Home Loan Pre-Approval, which is integrated with Alliance Bank, RHB Bank and Hong Leong Bank, has already been utilised by 10,000 Malaysians and is part of PropertyGuru’s Own Your Home Campaign, which has facilitated some 20,000 Malaysians in getting their dream home. The group aims to grow this to 100,000 by next year.
“What we are trying to do is to start the process of educating Malaysians on knowing how much they can afford to buy, then putting them in front of the right listings. Making sure that they are only looking at homes that they can afford to buy, that they can get a home loan for,” said Hari.
Meanwhile, he noted that Malaysian real estate has been attracting significant interest from Hong Kong investors, with demand overtaking those from China recently.
“In Malaysia, we are seeing demand coming out of Hong Kong for sure. China has its ebbs and flows. Few years ago China was very large in terms of our traffic but domestic traffic was still much, much larger. Among international investors, China was large but now we are seeing Hong Kong being sizeable for Malaysia,” he said.
Hari said these investors are eyeing the usual spots, namely Kuala Lumpur, Selangor, Penang and Johor.
Meanwhile, Malaysian investors, on their part, were eyeing properties in Thailand last year, including Bangkok and resort locations such as Phuket. This is in addition to the continuous two-way demand for real estate between Malaysia and Singapore.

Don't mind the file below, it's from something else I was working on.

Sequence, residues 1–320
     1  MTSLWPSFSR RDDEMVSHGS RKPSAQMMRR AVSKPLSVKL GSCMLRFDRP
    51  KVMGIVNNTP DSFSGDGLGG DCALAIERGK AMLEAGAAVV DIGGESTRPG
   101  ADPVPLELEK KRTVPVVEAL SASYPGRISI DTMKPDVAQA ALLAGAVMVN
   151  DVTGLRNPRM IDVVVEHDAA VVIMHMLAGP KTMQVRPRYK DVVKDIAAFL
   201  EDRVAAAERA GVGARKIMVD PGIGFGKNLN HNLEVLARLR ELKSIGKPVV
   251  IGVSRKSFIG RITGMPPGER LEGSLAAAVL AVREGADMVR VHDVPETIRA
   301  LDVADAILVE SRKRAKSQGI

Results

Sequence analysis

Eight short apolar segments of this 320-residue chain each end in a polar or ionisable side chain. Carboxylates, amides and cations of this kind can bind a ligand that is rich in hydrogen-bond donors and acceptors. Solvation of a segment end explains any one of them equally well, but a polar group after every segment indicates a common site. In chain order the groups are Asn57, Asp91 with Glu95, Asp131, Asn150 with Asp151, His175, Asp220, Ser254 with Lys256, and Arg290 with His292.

“That remains the case. What was new was the demand for Thailand coming from Malaysia. This year, post-elections and HOC, we see the market being a lot more inward focused,” Hari said.
According to JPPH, Johor has the largest number of unsold completed serviced apartments and SoHo units at 7,714. JPPH notes that it rose a whopping 191% from the 2,647 units recorded a year ago. The overhang in serviced apartments is valued at RM6.16 billion compared with the state’s residential overhang of RM4.44 billion.
This means the total overall value of its unsold serviced apartments is 1.5 times that of residential housing (terrace homes, semi-Ds, bungalows, townhouses, apartments and condominiums). In summary, Johor has the highest number of completed unsold units in Malaysia at 6,053. This is a 55% increase from the 3.901 units a year ago.
Though not as severe, Selangor and Penang recorded an increase in overhang units as well, up by 25.81% and 43.59%, respectively.
Keeping the less-than-rosy residential market prospects in mind, here are some of the likely property trends to emerge this year:
#1 It will be a renter’s market
The new supply of the completed units plus those from existing units will lead to a downward pressure in the rental market causing rental prices to fall. This is because rent-seekers will be spoilt for choice while landlords will be fighting for tenants.
This will make it ideal for rent-seekers as landlords will most likely be open for price negotiations. Meanwhile, landlords will be on the losing end, regardless of whether they manage to secure a tenant or not.
In the former, the rental will most likely not be able to cover the mortgage resulting in negative cash flow. In the latter, landlords will have to cover the mortgage themselves. Those who cannot will have no choice but to let go of their units.